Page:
Issue 9, 2020

Effects of β-HgS on cell viability and intracellular oxidative stress in PC-12 cells


Traditional Tibetan medicines containing β-HgS have been used to treat chronic ailments for thousands of years. However, there has recently been speculation regarding the safety of these medicines due to their high mercury content. Although the toxic effect of β-HgS has been previously investigated in vivo, the mechanism underlying the toxicity of this compound remains unclear. In this study, we investigate the mechanism of β-HgS cytotoxicity via experiments performed on rat adrenal gland tumor cells (PC-12). Specifically, we analyze the viability and intracellular oxidative stress state of PC-12 cells treated with varying concentrations of β-HgS. For comparison purposes, the effects of MeHgCl and HgCl2, two Hg-based compounds, on ROS generation and MDA, GSH/GSSG, Nrf2, NQO-1, and HO-1 levels are also determined. It should be noted that we used the small-molecule thiols of cell culture medium, such as cysteine, to increase the solubility of β-HgS and prepare a β-HgS solution to treat PC-12 cells. The obtained results show that β-HgS inhibits cell viability at concentrations of 200–1000 ng Hg mL−1 (48 h treatment). In the concentration range of 200–600 ng Hg mL−1 (24 h treatment), the inhibitory effect of β-HgS is stronger than that of MeHgCl; however, this trend is reversed at higher concentrations (800–1000 ng mL−1) and longer exposure times (48 h). Moreover, β-HgS significantly promotes MDA, but has no appreciable influence on cell apoptosis and ROS generation in PC-12 cells, which suggests that its inhibitory effect on cell viability might be related to the stimulation of ROS-independent oxidative stress. Notably, β-HgS and HgCl2 significantly increase the GSH content, GSH/GSSG ratio, NQO-1 mRNA expression, and HO-1 protein expression in PC-12 cells, indicating that the antioxidant protection against these compounds is triggered by Nrf2 activation. HPLC-AFS analysis shows that in β-HgS and HgCl2 solutions, mercury exists in the same form of Hg2+, but the cytotoxicity of the former is greater. This is probably due to the additional oxidative damage induced by the S2− ion in β-HgS. In conclusion, β-HgS induces ROS-independent oxidative stress in PC-12 cells, and thus, is obviously cytotoxic. At the same time, it promotes the antioxidant capacity of cells by activating the Nrf2 pathway.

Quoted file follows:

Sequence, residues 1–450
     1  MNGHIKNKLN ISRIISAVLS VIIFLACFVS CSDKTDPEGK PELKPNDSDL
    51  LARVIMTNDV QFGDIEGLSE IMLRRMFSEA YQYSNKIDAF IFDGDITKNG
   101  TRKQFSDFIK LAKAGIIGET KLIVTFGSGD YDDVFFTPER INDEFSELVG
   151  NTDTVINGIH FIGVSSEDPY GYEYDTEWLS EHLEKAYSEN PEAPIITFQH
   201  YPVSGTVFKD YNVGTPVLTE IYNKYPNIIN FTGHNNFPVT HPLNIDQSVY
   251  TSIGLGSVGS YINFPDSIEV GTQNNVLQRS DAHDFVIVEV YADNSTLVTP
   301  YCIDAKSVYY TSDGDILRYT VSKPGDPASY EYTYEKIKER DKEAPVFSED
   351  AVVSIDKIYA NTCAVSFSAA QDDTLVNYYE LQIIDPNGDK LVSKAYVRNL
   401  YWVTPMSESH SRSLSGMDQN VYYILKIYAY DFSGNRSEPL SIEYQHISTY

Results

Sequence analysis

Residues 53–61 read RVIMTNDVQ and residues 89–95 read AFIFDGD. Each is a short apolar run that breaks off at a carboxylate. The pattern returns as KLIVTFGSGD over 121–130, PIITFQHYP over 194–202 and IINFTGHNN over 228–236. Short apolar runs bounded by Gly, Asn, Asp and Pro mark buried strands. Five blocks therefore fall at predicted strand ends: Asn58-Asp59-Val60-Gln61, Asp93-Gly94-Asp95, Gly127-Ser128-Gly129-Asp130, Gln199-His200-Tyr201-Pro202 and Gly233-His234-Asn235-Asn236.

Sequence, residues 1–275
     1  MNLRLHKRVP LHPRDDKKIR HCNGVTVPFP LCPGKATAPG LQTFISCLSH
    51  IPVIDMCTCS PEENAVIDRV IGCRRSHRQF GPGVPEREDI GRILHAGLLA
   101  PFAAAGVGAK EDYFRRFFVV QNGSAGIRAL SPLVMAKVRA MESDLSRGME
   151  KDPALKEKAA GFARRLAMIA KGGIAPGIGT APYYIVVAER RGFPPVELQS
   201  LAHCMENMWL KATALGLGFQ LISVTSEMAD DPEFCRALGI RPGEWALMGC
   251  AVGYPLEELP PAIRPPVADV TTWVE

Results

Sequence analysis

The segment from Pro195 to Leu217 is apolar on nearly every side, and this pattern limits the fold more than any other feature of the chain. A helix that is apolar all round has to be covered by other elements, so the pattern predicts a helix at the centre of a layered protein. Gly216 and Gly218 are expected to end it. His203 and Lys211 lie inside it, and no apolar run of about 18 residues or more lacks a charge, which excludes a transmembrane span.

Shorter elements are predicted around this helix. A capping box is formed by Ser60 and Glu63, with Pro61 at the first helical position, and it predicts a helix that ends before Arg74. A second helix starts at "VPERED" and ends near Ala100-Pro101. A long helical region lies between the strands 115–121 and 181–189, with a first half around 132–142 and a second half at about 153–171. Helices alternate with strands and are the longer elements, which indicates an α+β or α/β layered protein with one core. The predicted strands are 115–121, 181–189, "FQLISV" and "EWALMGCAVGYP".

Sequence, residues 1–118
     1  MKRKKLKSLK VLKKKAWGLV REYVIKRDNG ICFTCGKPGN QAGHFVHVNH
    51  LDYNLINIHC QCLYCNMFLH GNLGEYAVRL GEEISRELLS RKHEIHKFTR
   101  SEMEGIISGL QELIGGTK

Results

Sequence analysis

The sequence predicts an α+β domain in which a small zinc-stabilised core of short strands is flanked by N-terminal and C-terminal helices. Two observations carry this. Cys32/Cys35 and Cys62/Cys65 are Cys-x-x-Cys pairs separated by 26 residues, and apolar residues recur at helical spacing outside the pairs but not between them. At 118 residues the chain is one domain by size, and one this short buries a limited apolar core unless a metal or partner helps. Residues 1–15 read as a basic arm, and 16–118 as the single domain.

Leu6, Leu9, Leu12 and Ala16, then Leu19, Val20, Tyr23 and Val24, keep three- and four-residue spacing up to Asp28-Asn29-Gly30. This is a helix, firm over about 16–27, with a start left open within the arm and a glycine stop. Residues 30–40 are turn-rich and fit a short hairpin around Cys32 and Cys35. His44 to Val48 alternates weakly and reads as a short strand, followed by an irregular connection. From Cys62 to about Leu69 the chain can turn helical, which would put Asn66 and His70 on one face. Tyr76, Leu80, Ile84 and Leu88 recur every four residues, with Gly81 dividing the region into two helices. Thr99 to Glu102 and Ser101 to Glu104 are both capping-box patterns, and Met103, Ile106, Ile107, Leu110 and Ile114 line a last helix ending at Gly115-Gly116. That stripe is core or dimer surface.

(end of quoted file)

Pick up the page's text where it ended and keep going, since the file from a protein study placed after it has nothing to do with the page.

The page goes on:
Graphical abstract: Effects of β-HgS on cell viability and intracellular oxidative stress in PC-12 cells

Supplementary files

Article information

Article type
01 Apr 2020
17 Jun 2020
First published
22 Jun 2020

Metallomics, 2020,12, 1389-1399